group fashion or as individual families.
As for the recommendation of identifying documents, the
government reports that 1,068 resident cards and 3,074 birth
certificates were issued in 1993.
Many of these were from the Victoria 20 de Enero Community.
In compliance with the agreements regarding strict observance
of respect for life and personal integrity, the government reports on
the road works and health centers in Santa Clara, Poligono 14, and a
donation of two vehicles for the protection and safety of Santa Clara
and 20 de Enero. It recognized the existence of marihuana plantings and mines
and explosives at the Poligono 14 National Farm, which were there
before the repatriates arrived. These
are being removed and deactivated with the cooperation of military
The government also reports on the advances made in the
projects to support uprooted peoples (Fund for Labor and Productive
Reentry-FORELAP); the economic and social reactivation of the
Usumacinta, La Pasion and La Machaca farm cooperatives; description of
the displaced and repatriated population; and the project and
alternatives for land preparation.
The "Ixil Solidarity" Program (in the Ixil triangle),
which is to benefit 180,000 persons, will be implemented with public
funds. This program
includes health, education, housing support, road infrastructure,
institutional strengthening and production components.
The project seeks to advance the development of rural areas
whose people have been displaced and endangered by the armed conflict.
For their part, refugee representatives have submitted charges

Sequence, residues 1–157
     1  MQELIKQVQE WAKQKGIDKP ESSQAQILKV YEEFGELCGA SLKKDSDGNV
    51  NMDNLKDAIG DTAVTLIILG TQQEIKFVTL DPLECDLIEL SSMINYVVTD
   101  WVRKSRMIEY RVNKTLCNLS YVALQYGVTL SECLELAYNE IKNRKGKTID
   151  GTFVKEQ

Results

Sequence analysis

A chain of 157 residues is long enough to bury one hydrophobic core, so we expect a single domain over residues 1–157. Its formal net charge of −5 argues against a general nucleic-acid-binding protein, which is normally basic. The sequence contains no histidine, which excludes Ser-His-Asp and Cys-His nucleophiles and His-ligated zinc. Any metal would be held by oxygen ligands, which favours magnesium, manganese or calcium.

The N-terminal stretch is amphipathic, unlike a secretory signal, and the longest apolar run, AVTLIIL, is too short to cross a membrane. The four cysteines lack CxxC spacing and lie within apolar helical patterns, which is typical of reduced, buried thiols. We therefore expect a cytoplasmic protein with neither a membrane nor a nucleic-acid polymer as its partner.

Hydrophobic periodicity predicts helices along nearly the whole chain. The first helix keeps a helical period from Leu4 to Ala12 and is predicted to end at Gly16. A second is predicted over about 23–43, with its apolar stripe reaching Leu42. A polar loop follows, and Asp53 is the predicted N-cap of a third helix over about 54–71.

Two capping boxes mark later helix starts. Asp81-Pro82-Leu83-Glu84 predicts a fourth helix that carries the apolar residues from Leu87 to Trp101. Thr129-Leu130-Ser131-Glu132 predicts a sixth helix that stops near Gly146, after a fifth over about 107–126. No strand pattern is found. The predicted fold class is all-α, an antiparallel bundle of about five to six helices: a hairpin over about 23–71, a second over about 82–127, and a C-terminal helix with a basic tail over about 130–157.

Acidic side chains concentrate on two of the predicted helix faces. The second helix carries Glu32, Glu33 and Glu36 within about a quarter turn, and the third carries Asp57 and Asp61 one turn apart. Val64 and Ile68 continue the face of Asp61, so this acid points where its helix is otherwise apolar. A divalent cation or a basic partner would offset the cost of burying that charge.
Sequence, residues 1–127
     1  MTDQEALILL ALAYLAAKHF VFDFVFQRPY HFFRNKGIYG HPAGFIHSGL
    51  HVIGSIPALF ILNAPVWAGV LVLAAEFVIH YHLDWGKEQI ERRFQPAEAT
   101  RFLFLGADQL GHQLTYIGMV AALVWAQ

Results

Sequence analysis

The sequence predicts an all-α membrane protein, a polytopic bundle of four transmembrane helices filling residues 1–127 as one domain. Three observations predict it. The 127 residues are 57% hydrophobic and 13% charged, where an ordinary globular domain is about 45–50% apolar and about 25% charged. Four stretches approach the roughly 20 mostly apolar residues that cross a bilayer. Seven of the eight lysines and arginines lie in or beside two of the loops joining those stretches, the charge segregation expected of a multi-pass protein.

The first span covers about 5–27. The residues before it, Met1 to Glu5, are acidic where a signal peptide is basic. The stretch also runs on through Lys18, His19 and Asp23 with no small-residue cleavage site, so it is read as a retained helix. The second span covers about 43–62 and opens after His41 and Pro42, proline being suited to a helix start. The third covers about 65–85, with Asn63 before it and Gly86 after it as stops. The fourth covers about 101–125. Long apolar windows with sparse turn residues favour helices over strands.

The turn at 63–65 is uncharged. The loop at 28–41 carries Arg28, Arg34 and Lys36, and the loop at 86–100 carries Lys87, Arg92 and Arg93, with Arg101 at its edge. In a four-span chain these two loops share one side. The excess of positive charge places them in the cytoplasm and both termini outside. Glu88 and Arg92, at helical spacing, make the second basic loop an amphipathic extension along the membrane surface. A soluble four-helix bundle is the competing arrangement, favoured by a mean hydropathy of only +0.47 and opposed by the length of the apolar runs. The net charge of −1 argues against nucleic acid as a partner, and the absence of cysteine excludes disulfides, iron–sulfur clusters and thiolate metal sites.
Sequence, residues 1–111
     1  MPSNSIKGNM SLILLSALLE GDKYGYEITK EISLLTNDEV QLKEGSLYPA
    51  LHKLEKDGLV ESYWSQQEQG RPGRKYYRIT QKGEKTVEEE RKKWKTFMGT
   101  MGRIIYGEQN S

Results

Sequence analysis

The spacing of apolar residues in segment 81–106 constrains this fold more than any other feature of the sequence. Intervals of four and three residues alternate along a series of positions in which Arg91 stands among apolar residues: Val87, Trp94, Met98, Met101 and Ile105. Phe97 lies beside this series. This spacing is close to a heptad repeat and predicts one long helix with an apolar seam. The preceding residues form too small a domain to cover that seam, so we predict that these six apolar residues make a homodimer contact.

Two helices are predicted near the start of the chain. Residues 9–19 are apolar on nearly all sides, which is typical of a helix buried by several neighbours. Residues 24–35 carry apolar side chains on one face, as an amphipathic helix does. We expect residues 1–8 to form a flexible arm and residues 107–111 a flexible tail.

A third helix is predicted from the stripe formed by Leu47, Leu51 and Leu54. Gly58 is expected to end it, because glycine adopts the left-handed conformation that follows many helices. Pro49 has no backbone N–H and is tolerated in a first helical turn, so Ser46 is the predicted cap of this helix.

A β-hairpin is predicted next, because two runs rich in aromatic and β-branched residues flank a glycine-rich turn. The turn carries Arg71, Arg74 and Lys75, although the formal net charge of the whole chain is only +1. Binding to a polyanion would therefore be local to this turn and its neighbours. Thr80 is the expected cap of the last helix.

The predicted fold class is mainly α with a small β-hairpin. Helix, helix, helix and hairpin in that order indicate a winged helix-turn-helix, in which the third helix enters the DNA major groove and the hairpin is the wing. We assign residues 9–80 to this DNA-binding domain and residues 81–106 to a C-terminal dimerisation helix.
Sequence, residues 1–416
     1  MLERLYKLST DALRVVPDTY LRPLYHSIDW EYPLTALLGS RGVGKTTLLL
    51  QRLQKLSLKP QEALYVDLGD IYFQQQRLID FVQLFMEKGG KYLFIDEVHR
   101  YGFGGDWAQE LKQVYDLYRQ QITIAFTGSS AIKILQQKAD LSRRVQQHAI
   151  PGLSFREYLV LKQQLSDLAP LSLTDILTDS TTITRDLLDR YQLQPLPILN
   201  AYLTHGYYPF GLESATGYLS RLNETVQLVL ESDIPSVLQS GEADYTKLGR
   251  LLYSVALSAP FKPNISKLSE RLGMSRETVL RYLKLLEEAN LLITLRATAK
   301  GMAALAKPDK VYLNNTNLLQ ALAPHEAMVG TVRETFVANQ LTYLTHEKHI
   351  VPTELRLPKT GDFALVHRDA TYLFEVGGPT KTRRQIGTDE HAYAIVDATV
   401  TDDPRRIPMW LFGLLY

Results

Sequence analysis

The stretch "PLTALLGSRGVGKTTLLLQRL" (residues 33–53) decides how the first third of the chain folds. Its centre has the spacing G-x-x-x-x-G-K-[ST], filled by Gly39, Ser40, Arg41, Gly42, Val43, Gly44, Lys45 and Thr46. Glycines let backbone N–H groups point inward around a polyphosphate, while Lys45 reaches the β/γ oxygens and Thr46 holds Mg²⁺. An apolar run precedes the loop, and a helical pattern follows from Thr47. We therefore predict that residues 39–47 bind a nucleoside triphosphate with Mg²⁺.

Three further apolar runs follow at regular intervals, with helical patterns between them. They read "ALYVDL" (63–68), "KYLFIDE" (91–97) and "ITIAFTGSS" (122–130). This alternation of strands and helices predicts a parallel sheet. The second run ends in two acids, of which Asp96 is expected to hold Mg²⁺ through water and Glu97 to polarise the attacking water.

to the Commission during this period alleging harassment by the army
of the settlements in Poligono 14 and in particular Victoria 20 de
Enero, which are called "guerrilla colonies," and they have
also alleged restrictions of their freedom to associate.
In September, the Commission visited some of the communities
and found that, while there are difficulties, the settlements are
progressing and their associations are acting normally and within the
law. Nevertheless, there
is doubtlessly the intermittent presence of military forces as well as
low fly-overs by military aircraft. These are a constant source of tangible anxiety, considering
that not many years ago, the same people suffered terribly the
consequences of the armed conflict and the memory of military excesses
and the presence of subversive elements is still alive in them.
At that time, the situation led to massacres and forced the
people to seek a safe haven in Mexico.
According to the army, their insecurity arises from the mines
that have been placed in the zone and the armed confrontations with
EGP forces, which are part of the URNG, and are active in the zone.
According to military information, the army has had 42
casualties (dead and wounded) in the municipality of Ixcan, close to
Tercer Pueblo, in recent months.
These are the results of mine explosions and skirmishes.
The army and the subversives charge each other with these acts
and deny responsibility for placing the mines in the area.
During its September visit, the Commission received words of
confirmation at the returnee population settlements in Poligono XIV
that the military authorities are prohibiting the returnees from
contacting the local people and are interfering in the free trade of
Refugees who were part of the Ixcan Grande Cooperative planned
on returning to their lands on November 22 and to rebuild their
cooperatives, created two decades ago, are the legal owners of land in
the Ixcan area. The refugees are parts of approximately 14 groups totaling
14,000 persons who are preparing their return.
In the meantime, reduction of international aid is disrupting
the situation of the refugees in Quintana Roo, Campeche and Chiapas,